On the Lived Theology Reading List: I Bring the Voices of My People

I Bring the Voices of My People: A Womanist Vision for Racial Reconciliation, by Chanequa Walker-BarnesA Womanist Vision for Racial Reconciliation

In I Bring the Voices of My People: A Womanist Vision for Racial Reconciliation, Chanequa Walker-Barnes disrupts the racist and sexist biases in conversations on reconciliation. She demonstrates how reconciliation’s roots in the evangelical, male-centered Promise Keepers’ movement has resulted in a patriarchal and largely symbolic effort, focused upon improving relationships between men from various racial-ethnic groups.

Walker-Barnes refutes the idea that race and racism are “one-size-fits-all,” drawing upon intersectionality theory and critical race studies to demonstrate how living at the intersection of racism and sexism exposes women of color to unique experiences of gendered racism. She also argues that highlighting the voices of women of color is critical to developing any genuine efforts toward reconciliation.

Walker-Barnes offers a compelling argument that the Christian racial reconciliation movement is incapable of responding to modern-day racism, and highlights the particular work that White Americans must do to repent of racism and to work toward racial justice.

Reviews and endorsements of the publication include:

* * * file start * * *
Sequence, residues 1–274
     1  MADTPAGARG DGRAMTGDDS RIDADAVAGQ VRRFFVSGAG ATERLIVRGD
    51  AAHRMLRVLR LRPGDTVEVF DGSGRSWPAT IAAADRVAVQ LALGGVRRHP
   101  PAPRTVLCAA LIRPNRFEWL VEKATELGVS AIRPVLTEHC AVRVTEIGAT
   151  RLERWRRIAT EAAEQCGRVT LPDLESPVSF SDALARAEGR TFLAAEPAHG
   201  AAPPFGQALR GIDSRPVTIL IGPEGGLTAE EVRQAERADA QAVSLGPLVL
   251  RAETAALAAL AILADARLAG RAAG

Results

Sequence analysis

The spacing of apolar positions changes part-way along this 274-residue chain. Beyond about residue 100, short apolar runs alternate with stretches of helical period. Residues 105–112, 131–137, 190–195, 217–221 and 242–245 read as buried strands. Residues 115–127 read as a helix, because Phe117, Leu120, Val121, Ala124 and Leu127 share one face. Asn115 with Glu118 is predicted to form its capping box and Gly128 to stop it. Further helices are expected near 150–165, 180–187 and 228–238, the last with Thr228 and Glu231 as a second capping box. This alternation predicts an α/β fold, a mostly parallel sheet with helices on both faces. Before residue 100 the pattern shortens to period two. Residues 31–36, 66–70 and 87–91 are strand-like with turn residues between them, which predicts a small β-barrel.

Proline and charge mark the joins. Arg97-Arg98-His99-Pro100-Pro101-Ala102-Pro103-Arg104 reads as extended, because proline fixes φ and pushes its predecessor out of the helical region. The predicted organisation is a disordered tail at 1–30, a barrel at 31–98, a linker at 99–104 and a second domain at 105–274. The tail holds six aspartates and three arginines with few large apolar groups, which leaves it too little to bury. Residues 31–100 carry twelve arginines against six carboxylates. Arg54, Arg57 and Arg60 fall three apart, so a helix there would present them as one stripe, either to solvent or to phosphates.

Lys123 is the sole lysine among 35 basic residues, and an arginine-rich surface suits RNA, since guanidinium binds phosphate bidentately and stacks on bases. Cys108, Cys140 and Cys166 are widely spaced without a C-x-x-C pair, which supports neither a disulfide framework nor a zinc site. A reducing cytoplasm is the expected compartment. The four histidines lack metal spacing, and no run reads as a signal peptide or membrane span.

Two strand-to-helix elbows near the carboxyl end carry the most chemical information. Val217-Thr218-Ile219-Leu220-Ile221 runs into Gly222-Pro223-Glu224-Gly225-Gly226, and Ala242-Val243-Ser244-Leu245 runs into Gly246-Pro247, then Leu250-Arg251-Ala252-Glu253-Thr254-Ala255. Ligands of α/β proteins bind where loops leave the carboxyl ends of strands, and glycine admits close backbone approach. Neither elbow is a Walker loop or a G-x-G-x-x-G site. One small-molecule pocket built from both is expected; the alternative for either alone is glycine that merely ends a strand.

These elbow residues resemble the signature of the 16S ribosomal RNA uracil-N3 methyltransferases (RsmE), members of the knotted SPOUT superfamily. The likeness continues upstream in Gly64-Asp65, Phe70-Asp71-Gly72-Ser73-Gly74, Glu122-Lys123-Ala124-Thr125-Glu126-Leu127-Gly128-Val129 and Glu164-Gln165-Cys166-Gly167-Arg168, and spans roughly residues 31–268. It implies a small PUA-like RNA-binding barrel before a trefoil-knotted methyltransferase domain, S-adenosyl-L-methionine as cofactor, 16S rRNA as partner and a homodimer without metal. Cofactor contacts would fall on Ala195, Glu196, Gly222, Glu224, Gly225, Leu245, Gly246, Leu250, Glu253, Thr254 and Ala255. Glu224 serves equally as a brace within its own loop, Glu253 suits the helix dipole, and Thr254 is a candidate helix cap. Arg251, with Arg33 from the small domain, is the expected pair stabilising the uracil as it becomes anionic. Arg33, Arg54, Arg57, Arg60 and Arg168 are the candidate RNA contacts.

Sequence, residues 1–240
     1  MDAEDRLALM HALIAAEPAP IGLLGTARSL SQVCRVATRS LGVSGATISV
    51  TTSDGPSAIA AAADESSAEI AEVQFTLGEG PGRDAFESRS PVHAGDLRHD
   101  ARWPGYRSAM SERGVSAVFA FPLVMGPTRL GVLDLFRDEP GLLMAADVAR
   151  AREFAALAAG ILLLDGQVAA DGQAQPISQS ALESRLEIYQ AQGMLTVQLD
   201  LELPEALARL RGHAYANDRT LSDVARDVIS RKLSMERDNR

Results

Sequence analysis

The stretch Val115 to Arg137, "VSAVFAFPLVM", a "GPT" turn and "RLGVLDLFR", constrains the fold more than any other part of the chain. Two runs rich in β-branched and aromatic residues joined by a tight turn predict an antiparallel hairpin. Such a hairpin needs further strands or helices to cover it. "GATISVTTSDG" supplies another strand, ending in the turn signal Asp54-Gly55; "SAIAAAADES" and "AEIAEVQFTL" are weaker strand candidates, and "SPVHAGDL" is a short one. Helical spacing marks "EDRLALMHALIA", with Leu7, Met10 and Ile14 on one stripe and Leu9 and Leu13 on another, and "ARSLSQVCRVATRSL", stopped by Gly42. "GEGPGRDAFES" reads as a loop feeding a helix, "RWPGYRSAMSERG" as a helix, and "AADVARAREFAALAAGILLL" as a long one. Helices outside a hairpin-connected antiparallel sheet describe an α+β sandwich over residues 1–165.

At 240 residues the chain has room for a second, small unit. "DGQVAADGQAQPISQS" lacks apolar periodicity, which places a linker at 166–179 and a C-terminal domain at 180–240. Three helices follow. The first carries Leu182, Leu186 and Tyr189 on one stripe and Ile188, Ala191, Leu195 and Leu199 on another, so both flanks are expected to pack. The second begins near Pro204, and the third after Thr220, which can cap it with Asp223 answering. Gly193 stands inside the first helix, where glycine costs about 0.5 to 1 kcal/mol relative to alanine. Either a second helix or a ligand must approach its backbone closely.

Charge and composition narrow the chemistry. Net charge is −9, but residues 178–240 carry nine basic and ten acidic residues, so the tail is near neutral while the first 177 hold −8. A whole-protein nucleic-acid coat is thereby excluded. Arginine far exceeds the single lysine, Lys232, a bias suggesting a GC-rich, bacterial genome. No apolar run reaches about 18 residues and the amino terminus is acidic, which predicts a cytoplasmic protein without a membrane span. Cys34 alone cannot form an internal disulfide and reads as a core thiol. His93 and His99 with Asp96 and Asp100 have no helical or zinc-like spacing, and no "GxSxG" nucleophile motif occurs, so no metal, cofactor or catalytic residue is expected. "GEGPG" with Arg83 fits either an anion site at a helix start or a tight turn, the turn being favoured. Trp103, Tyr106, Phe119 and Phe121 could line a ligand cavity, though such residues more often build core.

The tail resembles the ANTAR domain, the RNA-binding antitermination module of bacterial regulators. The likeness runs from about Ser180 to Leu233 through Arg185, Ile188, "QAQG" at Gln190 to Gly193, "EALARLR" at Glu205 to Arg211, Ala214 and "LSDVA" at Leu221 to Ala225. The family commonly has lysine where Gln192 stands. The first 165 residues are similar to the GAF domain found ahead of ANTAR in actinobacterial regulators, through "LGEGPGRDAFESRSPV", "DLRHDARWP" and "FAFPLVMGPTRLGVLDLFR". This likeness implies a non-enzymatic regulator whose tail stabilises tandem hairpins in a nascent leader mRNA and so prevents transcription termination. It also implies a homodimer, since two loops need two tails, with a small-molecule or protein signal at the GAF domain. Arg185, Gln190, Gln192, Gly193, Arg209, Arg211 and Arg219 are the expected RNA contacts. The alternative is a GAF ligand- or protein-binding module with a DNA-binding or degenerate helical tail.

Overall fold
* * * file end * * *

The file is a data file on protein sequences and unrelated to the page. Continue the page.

“Finally, someone is inviting us into reconciliation on black womxn’s terms. And who better than Dr. Chanequa Walker-Barnes, who spectacularly shows us in I Bring the Voices of My People that a message that centers black womxn’s experiences is a universally liberating message. I have experienced anti-black oppression in faith-based ‘reconciliation’ contexts, and Dr. Chanequa’s words have invaluably supported my healing journey while also redirecting my steps toward justice practices that are not colonized by whiteness. ‘Trust black womxn’ is a phrase that often gets thrown around with little behavioral follow-up. Dr. Chanequa, a true sage, is telling us how to trust black womxn on the topic and practice of reconciliation. I’m following her lead and I hope you will too.”—Christena Cleveland, Director of the Center for Justice and Renewal.

“Walker-Barnes writes a powerful theological book which challenges common misconceptions about race, ethnicity, and discrimination and works toward a liberative theology. Her personal, soulful reflection lays bare our racially divided world. A beautiful book, I Bring the Voices of My People awakens us to the need for radical reconciliation and stirs us to create a new reality which embraces and uplifts everyone.”—Grace Ji-Sun Kim, author of Embracing the Other


For more information on the publication, click here.

Fellow travelers are scholars, activists, and practitioners that embody the ideals and commitments of the Project on Lived Theology. We admire their work and are grateful to be walking alongside them in the development and dissemination of Lived Theology.

For more of “On the Lived Theology Reading List,” click here. To engage in the conversation on Facebook and Twitter, @LivedTheology, please use #LivedTheologyReads. For more recommended resources from our fellow travelers, click here, #PLTfellowtravelers. To sign up for the Lived Theology monthly newsletter, click here.